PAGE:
It is well-known in the scientific literature that the omega-3 and omega-6 fatty acid ratio plays a key role in the body’s inflammatory response. Fish oil supplementation has been shown in research to help support cardiovascular and liver health. Recently, it has been shown to improve the leptin-to-adiponectin ratio, which helps support insulin sensitivity, healthy lipid metabolism, normal weight, and a normal inflammatory response.
According to a small, randomized clinical trial published in January 2021 in the Journal of the International Society of Sports Nutrition, researchers investigated the efficacy of omega-3 supplementation on minimizing exercise-induced muscle damage (EIMD). Delayed onset muscle soreness, pain, reduced range of motion, swelling, and loss of muscle strength and power are all common symptoms of EIMD, which can often result in reduced exercise performance. EIMD is associated with increased pro-inflammatory mediators and cytokines, including the interleukin (IL)-1 receptor agonist (IL-1ra), IL-6, and IL-10, and acute phase proteins and muscle-specific creatine kinase. Eicosapentaenoic acid (EPA) and docosahexaenoic acid (DHA), found in fish oil supplementation, have been shown to reduce muscle inflammation by downregulating pro-inflammatory cytokines and reducing the production of arachidonic acid and reactive oxygen species.
This study included a sample size of 14 healthy physically active males between the ages of 18 and 35 years who were randomized to either 3 grams per day of omega-3 supplementation (715 mg EPA and 286 mg DHA three times per day) or a placebo for 4 weeks. Participants were asked to maintain their usual diet and physical activity while taking the fish oil. After 4 weeks of supplementation, participants had to perform a 60-minute treadmill, downhill running protocol at 65% their maximum rate of oxygen uptake, or VO2 max. Then researchers measured inflammatory and muscle damage markers, and the participants self-reported muscle soreness, peak power, and maximal isometric contraction ability for the next 3 days.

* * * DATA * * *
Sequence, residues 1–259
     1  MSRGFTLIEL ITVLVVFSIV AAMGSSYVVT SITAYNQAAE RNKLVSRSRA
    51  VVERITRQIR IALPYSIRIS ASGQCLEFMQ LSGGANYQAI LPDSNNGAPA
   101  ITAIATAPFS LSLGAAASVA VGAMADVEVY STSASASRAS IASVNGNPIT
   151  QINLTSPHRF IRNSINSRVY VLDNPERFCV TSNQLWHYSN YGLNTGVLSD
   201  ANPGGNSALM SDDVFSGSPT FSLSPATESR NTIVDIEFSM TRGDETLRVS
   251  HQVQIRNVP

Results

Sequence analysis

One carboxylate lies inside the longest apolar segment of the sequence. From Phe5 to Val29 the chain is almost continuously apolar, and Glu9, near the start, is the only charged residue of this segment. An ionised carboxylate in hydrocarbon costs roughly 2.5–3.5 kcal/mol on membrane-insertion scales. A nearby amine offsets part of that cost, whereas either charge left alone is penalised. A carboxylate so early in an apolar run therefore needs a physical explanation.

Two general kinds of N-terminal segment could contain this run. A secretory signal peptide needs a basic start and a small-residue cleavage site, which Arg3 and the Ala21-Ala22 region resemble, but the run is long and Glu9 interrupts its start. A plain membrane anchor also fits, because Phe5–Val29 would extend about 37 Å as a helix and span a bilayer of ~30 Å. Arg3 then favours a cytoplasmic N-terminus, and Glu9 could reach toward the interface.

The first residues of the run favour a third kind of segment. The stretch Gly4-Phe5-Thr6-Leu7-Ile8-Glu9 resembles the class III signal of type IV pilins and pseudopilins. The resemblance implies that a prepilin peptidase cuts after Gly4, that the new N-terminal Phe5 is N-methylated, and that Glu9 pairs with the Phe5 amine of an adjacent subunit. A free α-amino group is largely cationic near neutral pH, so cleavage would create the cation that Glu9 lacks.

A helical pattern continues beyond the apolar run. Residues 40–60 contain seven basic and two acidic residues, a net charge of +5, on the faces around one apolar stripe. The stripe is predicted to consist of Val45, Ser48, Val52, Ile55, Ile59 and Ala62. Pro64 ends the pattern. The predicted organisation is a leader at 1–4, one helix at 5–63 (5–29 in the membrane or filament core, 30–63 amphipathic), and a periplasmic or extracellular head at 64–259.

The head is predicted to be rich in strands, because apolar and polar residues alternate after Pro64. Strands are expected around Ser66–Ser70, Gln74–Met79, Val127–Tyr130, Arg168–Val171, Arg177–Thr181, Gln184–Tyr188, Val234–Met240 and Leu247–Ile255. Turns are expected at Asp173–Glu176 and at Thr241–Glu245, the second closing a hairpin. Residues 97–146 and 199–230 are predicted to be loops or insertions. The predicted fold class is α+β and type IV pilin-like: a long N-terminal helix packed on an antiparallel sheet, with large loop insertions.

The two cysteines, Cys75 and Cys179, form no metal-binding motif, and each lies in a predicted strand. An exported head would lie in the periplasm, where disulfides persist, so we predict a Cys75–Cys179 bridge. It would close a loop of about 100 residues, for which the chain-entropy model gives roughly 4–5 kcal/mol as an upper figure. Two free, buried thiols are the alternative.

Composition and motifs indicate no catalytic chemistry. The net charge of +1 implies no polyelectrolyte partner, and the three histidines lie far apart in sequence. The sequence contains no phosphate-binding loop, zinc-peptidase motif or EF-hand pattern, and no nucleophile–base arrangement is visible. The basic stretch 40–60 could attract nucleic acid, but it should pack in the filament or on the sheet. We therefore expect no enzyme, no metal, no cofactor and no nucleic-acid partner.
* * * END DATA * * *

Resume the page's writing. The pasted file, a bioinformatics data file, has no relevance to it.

As a result, muscle soreness was significantly lower in the omega-3 treatment group at 24 hours post-EIMD compared to the placebo group. IL-6 levels were higher in the placebo group, but not in the omega-3 group immediately after EIMD. However, there were no significant differences between the groups. Peak power was also reduced in the placebo group, but again, there were no between-group differences found. These results suggest that 4 weeks of supplementation with 3 grams per day of EPA/DHA from fish oil may offset pain caused by EIMD after a single bout of high-intensity exercise, and there may be a minimal exercise performance gain.
Typical pre-workout supplement regimens do not include fish oil. However, according to this recent study, it may be something worth suggesting for both high performance athletes and those new to regular exercise programs. Although muscle damage is required to gain more muscle strength and mass, reducing the inflammation after high-intensity EIMD may help improve recovery and muscle soreness.
By Caitlin H. Higgins, MS, CNS, LDN